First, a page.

A very familiar shape, the DSC-P9 doesn't stray too far from the original design of the DSC-P1, yet in that time it's progressed to be smaller, lighter and "cleaner" in design. At the front we get a new finger 'hook' style grip, the rest of the front of the camera is plain, but stylish. On the battery compartment side we find that Sony have switched from an horizontally opening door to this vertical opening type (hinge at the top). Around the back some of the buttons have been 'nudged' upwards and the connectors cover is now finished in a matching metallic plastic.
Overall the small touches have further improved an already successful body design. The long thin shape of the P9 makes it perfect to hold in your hand (or slip in a pocket) when not in use, the automatic lens cover ensures no damage will come to the front lens element during carriage.
Side by side
As you can see side-by-side the DSC-P9 is the smallest, followed by the F100 and then the S40. But to be honest they are all much of a muchness, all three cameras are small enough to be carried in the palm of your hand or slipped into a jacket pocket. All three cameras have lens covers of one type or another, all three cameras have three times optical zoom lenses and all three cameras have a four megapixel sensor. The major differences come in the feature sets, the S40 and F100 both have full manual controls (aperture priority, shutter priority) the P9 doesn't. Oh, and each takes a different storage medium (left to right: Memory Stick, Compact Flash Type I/II, Secure Digital/MMC).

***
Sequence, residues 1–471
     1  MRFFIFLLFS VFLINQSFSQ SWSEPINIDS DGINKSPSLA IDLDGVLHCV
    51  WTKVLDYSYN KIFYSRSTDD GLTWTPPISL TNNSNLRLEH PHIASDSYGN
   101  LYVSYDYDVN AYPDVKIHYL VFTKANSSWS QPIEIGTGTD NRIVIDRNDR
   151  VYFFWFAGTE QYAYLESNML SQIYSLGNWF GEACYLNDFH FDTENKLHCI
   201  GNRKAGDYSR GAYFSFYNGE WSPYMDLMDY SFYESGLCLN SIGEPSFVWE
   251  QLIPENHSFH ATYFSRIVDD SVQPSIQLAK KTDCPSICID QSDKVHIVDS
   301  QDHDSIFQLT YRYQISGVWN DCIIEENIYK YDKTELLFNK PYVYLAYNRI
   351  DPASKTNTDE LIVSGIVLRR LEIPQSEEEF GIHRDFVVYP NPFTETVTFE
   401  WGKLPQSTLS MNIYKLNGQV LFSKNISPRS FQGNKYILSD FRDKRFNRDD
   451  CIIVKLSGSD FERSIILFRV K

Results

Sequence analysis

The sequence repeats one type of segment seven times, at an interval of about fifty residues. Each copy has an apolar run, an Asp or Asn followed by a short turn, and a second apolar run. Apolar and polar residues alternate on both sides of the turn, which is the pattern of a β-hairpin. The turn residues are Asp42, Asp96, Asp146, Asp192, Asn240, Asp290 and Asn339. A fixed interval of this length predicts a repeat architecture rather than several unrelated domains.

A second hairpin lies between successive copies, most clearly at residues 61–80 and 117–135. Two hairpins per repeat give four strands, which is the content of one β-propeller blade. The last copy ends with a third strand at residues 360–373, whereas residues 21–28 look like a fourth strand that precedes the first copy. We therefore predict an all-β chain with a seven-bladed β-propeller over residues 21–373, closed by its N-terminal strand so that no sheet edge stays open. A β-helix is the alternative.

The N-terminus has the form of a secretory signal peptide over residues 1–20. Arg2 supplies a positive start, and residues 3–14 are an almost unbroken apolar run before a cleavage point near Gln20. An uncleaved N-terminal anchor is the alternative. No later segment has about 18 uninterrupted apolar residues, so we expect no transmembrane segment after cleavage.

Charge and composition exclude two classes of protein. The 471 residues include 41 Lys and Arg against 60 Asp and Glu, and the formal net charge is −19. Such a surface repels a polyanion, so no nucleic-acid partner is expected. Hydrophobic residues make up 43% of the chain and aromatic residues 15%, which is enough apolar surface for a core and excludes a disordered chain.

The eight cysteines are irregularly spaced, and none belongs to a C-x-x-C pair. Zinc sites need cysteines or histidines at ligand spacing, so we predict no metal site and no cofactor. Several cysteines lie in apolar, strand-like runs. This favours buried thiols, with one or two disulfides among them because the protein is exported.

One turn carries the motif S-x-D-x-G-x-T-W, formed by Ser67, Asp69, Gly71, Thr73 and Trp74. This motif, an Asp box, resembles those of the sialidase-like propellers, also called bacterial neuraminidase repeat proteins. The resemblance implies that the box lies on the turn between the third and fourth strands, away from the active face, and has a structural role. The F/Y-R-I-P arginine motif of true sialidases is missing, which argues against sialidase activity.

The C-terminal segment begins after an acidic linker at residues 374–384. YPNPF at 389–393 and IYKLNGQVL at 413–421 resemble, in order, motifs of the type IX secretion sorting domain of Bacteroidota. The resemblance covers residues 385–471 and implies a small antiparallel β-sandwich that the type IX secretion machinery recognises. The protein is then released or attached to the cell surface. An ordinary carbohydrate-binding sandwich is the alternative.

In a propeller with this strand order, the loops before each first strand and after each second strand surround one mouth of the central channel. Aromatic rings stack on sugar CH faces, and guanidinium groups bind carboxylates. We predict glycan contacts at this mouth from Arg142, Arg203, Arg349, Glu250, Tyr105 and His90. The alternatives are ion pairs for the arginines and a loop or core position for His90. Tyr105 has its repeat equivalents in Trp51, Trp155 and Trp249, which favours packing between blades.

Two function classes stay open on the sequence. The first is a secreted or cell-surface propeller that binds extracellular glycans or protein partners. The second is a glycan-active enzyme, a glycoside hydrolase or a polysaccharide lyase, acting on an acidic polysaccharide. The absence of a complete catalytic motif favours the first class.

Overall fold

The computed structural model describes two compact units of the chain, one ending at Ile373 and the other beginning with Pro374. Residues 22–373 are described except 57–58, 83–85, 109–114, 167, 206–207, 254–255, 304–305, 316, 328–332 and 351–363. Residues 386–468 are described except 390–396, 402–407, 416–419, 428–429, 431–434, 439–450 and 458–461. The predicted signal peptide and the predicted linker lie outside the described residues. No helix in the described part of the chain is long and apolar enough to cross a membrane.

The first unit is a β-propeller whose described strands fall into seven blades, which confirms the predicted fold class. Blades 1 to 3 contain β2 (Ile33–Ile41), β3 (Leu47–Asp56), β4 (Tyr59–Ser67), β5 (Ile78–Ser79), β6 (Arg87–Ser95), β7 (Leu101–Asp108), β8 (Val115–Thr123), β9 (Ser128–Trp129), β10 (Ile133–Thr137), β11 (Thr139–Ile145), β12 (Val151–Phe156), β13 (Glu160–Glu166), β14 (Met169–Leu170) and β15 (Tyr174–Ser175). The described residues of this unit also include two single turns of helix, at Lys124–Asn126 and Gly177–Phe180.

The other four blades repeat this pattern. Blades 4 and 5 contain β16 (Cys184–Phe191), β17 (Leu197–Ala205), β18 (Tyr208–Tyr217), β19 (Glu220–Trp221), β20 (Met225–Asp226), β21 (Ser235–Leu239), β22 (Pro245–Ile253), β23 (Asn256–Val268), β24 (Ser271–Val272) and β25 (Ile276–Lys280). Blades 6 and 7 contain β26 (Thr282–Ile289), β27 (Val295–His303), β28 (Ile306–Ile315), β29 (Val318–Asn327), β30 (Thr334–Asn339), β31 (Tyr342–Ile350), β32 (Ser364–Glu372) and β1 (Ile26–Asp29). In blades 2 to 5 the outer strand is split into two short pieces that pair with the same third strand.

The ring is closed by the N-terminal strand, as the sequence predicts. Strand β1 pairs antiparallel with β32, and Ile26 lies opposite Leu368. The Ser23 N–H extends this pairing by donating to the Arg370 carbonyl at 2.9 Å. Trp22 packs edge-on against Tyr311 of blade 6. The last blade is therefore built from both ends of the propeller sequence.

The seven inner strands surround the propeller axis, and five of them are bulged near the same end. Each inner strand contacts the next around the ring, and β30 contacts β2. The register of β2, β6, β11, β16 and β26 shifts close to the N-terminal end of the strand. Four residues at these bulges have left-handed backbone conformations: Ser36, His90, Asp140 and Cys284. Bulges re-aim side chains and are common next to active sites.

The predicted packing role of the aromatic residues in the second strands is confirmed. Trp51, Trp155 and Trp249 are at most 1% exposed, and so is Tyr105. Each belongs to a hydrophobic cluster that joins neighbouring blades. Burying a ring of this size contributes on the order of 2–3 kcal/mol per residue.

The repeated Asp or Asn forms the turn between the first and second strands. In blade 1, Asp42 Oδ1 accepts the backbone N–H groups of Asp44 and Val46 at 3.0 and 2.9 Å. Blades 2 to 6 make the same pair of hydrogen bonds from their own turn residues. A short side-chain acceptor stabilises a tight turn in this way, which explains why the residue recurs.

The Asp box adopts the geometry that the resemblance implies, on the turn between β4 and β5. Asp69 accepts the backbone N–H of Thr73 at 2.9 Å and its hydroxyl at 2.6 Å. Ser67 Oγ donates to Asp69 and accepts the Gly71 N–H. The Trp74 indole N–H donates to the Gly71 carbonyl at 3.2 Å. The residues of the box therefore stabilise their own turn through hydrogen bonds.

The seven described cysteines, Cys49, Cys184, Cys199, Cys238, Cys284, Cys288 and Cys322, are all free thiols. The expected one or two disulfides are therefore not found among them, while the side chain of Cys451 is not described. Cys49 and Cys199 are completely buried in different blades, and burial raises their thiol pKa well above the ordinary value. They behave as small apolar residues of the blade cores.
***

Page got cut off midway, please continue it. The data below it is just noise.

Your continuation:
|Left to right: Sony DSC-P9, Canon PowerShot S40, Minolta DiMAGE F100|
In your hand
In your hand the P9 feels solid and cool to the touch (metal body). The new front finger grip works surprisingly well, making it easy to hold and shoot with just one hand. Although the camera feels solid and metallic it's also surprisingly light (lighter even than the P5) and when powered off it becomes a very small, slim and pocketable unit.
The P9 has the same excellent 1.5" 123,000 pixel LCD monitor we saw on the DSC-P1 and DSC-P5. The monitor is very bright and sharp with a thick protective cover which has a special anti-reflective coating. Among digital camera LCD monitors this is one of the best, and Sony obviously know that having now used it in three successions of this model.
No surprises here, same old optical tunnel style viewfinder with a no center of frame cross or brackets, there are also no parallax error lines (to help correct misalignment at close subject distances). There's also no dioptre adjustment.
The lights beside the viewfinder indicate:
|Red Steady||Writing to Memory Stick / Self-Timer|
|Green Steady||Good AF Lock|
|Green Blinking Quickly||Focusing|
|Green Blinking Slowly||Can not focus|
|Yellow Blinking Slowly||Flash charging|
|Yellow Solid||Battery charging (connected to DC supply)|
Battery / Storage Compartment
Apr 18, 2002
Mar 12, 2002
Apr 15, 2005
Apr 15, 2005
|AT-6 Harvard by jarud|
from Trainer aircraft
|Monarch butterflies winter roost at Pismo Beach by cjf2|
from Safety in Numbers (Nature)